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“What are the factors of 336?” I pondered, star­ing at the KENKEN puzzle on the screen of the com­puter in the SciTech lib­rary I was seated at.

Cursed com­puter! No cal­cu­lat­or!

I’ve been annoyed by how locked down the com­puters at Sydney Uni’s lib­rar­ies are for a while, so I set out to find out wheth­er I can, in fact, bring up the humble cal­cu­lat­or.1

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If you’ve ever been to the old law school build­ing in the city at St James, you’ll prob­ably agree that while it may have had great loc­a­tion, loc­a­tion, loc­a­tion, it was most def­in­itely a renovator’s choice find. Cock­roaches, tem­per­at­ure vari­ations nev­er thought pos­sible on plan­et Earth and utterly-frus­trat­ing swiv­el chairs will thank­fully be a thing of the past (mostly any­way — some classes will still be taught at St James). So rejoice, and explore the new law build­ing with me.

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The Dar­ling­ton side of main cam­pus of the Uni­ver­sity of Sydney was a renovator’s dream. Its end­less array of con­crete slabs might lay claim to coher­ence in some kind of bru­tal­ist archi­tec­ture, but I sus­pect the uni­ver­sity pretty much built the Engin­eer­ing and Archi­tec­ture fac­ulties out of whatever spare cash they could find at the time.

The USyd Cent­ral build­ing adja­cent to the Union’s Wentworth build­ing is part of the Cam­pus 2010 plan to reverse the years of neg­lect that have rendered oth­er uni­ver­sit­ies with sub­stan­tially more attract­ive (and mar­ket­able) cam­puses. The first part of the USyd Cent­ral to open, the SciTech Lib­rary, has now been delivered, and it sure was a deliv­ery from heav­en.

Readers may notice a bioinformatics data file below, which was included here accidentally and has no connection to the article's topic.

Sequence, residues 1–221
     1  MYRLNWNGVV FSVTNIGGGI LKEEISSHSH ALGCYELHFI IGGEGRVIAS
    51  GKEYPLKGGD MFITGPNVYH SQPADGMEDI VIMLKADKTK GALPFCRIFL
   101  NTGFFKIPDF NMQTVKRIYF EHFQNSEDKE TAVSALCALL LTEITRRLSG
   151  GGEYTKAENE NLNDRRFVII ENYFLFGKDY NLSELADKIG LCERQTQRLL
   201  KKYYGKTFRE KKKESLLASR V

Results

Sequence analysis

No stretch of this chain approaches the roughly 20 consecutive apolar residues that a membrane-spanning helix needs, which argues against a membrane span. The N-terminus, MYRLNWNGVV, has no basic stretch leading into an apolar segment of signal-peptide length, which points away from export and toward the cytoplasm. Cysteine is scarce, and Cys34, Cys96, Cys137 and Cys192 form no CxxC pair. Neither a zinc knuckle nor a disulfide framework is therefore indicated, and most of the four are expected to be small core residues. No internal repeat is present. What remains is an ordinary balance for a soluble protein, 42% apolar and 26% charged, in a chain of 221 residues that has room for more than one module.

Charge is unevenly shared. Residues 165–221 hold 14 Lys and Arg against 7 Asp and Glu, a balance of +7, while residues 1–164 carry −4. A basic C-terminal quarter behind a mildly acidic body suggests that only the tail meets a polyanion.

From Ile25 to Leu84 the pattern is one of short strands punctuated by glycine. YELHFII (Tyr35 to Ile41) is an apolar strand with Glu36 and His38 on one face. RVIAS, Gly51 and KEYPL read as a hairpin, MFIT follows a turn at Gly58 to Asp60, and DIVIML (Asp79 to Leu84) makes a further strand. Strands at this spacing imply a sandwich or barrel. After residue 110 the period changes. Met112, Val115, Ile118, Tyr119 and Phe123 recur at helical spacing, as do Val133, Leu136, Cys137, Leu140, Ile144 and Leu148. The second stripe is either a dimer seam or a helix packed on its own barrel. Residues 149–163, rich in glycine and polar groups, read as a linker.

When you first walk into SciTech, the thing that strikes you is how dif­fer­ent it is from any oth­er lib­rary that you’ve been to. With your first steps past the styl­ishly glassy entrance, you are presen­ted with a large, wel­com­ing atri­um that envel­ops you and draws you in; the splend­our and the inter­est­ing topo­logy of the lib­rary makes you feel like you are view­ing spec­tac­u­lar scenery from the top of a moun­tain. To the right is a lounge-like area, with play­ful, lime-green chairs that wouldn’t look out of place in an Ikea store. To the left are the book stands, and in front is a sunken val­ley of study cubicles. At night, the entrance area is taste­fully lit up with small spot­lights that cast small pools of light on the soft car­pet, and dur­ing the day, there is ample nat­ur­al sun­light from the wall of glass.

SciTech Library

As I intim­ated above, the fur­niture is one thing that sets SciTech apart from any oth­er lib­rary I’ve seen. Col­our­ful, dis­tinct­ive, mod­ern and def­in­itely play­ful — as I write, some people are stack­ing up the lime-green chairs in vari­ous con­fig­ur­a­tions, pos­sible as the chairs are made up of three con­joined cyl­in­ders — the fur­niture is fit­ting for a sci­ence and tech­no­logy lib­rary. From the jelly-col­oured red and orange stools to the Ikea-like chairs, they are all invit­ing and very com­fort­able.

SciTech Library

The lib­rary, from the ground up, has been designed to be more than just a repos­it­ory of books. It appears to have been designed for stu­dents to learn, to study and to col­lab­or­ate. The “study val­ley” that I alluded to before encases you as a cocoon encases a cater­pil­lar, draw­ing you away from the hustle and bustle of the out­side world into a study world of your own. The hours melt away as you study in one of the the plush, mul­ti­col­oured pods, or the seats that line the green river-like divider that sep­ar­ates the study val­ley from one of the com­puter access areas. As you meander between the mel­low-col­oured book­shelves, you come across islands of tran­quil­lity, where you can sit down and enjoy a book or two. If you prefer elec­tron­ic learn­ing, power points are abund­ant, and there are mul­tiple com­puter rooms, with desktop com­puters and laptops — now that is some­thing I haven’t seen before any­where in the uni­ver­sity. The only minor com­plaint is that the wire­less con­nec­tion here isn’t as stable as it could be.